object CheckCommand "smart" {
  import "plugin-check-command"
  command = [ "sudo", PluginDir + "/check_scsi_smart" ]
  arguments = {
     "-d" = "$smart_device$"


The CheckCommand object defines a executable to perform a service check. Here we define the check as having to run with elevated privileges, and its absolute path. You can also specify potential arguments, in this case if the macro smart_device is able to be expanded (it will look in host or service variables for a match) then the option will be generated on the command line with the parameter. There is also provision to set the option only without a parameter if needs be.

apply Service "smart" for (blockdevice => attributes in host.vars.blockdevices) {
  import "generic-service"
  check_command = "smart"
  display_name = "smart " + blockdevice
  vars.smart_device = attributes.path
  zone =
  assign where match("sd*", blockdevice)


The last piece of the jigsaw is the Service object. Here we are saying that for each blockdevice/attributes pair on each host, if the block device name begins with sd then apply the service check to it. This way you write the service check once, and it will be applied correctly to every SCSI disk on every host, no host specific hacks involved ever. Much like the host definition generic-service is a template that defines how often a check should be performed, the zone which performs the check is the host itself. The check_command defines which check to perform, as defined above, and we set vars.smart_device to the device path of the block device which will be picked up by the macro expansion in the check command as discussed earlier.

Time Series Data Collection

With that all in place we now have a single pane of glass view onto all current states of all SCSI devices on all hosts. However what we really need is to gather all of these snapshots into a database which allows us to plot the counters over time, derive trends that indicate potential disk failure and then set alerting thresholds accordingly.

Anecdotally we previously had Graphite Carbon aggregating statistics we gathered via Collectd. However with several hundred servers sending many tens of metrics a second, it wasn’t up to the task. Even with local SSD backed storage the I/O queues were constantly full to capacity. We needed a better solution, and one which looked promising was InfluxDB. Although a fledgling product still in flux, it is built to perform many operations in memory, support clustering for horizontal scaling and be schema-less. To illustrate take a look at the following example from my test environment.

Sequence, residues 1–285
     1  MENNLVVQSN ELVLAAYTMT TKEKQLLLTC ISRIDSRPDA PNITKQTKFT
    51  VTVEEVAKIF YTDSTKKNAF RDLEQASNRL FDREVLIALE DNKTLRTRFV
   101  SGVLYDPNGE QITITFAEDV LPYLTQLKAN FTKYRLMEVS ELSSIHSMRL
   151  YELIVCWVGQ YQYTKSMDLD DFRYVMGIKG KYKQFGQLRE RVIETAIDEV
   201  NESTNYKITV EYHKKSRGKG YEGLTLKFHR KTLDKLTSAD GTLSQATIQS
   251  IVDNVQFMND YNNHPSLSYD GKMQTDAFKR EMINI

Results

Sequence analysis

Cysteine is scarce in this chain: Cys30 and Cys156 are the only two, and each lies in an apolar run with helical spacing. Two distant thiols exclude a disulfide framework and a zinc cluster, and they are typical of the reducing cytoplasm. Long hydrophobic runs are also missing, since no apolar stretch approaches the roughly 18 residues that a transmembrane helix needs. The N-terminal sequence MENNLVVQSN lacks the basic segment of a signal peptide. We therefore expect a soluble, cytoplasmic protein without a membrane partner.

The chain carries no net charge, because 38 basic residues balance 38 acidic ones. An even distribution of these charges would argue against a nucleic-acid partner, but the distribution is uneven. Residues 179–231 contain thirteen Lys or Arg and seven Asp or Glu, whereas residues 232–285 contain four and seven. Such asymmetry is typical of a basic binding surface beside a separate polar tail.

load,,,hostname=ns,service=load,metric=load15,type=value value=0.05 1460907584


The measurement load is in essence a big bucket that all metrics to do with load fit into. Arbitrary pieces of meta data can be associated with a data point, here we attach the domain, fqdn and hostname which are useful for organising data based on physical location. The metric correlates with a performance data metric returned by a monitoring plug-in, the type references the field in the performance data, in this case referring to the actual value, but it may represent alerting thresholds or physical limits. The value records the actual data value and the final parameter is the time stamp, in this case to a second precision, but defaults to nanoseconds.

By arranging data like this you can ask questions such as, give me all metrics of type value, from the last hour for hosts in a specific domain, grouping the data by host name. I for one find this a lot more intuitive than the existing methodologies bound up in Graphite. You can also query the meta data asking questions like, for the load metric, give me all possible values of hostname, which makes automatically generating fields a dream.

The missing part in this puzzle is getting performance data from Icinga2 into InfluxDB, along with all the tags which makes InfluxDB so powerful. Luckily I was able to spend a few days making this a reality, although at the time of press still in review, it looks set to be a great addition to the ecosystem.

library "perfdata"

object InfluxdbWriter "influxdb" {
  host = ""
  port = 8086
  database = "icinga2"
  ssl_enable = false
  ssl_ca_cert = "/var/lib/puppet/ssl/certs/ca.pem"
  ssl_cert = "/var/lib/puppet/ssl/certs/"
  ssl_key = "/var/lib/puppet/ssl/private_keys/"
  host_template = {
    measurement = "$host.check_command$"
    tags = {
      fqdn = "$$"
      domain = "$host.vars.domain$"
      hostname = "$host.vars.hostname$"
  service_template = {
    measurement = "$service.check_command$"
    tags = {
      fqdn = "$$"
      domain = "$host.vars.domain$"
      hostname = "$host.vars.hostname$"
      service = "$$"
      fake = "$host.vars.nonexistant$"


Here’s the current state of play; it allows a connection to any port on any host, specification of the database to write to, with optional full SSL support. The powerful piece is in the host and service templates which allow the measurement to be set, typically the check_command e.g. ssh, smart, and any tags that can be derived from the host or service objects, if the value doesn’t exist, the tag is not generated for the data point. Remember how we can associate all manner of meta data with a host, well all of that rich data is available here to be used as tags.

Presentation Layer

Putting it all together we need to visualise this data, and choose Grafana. Below is a demonstration of where we are today.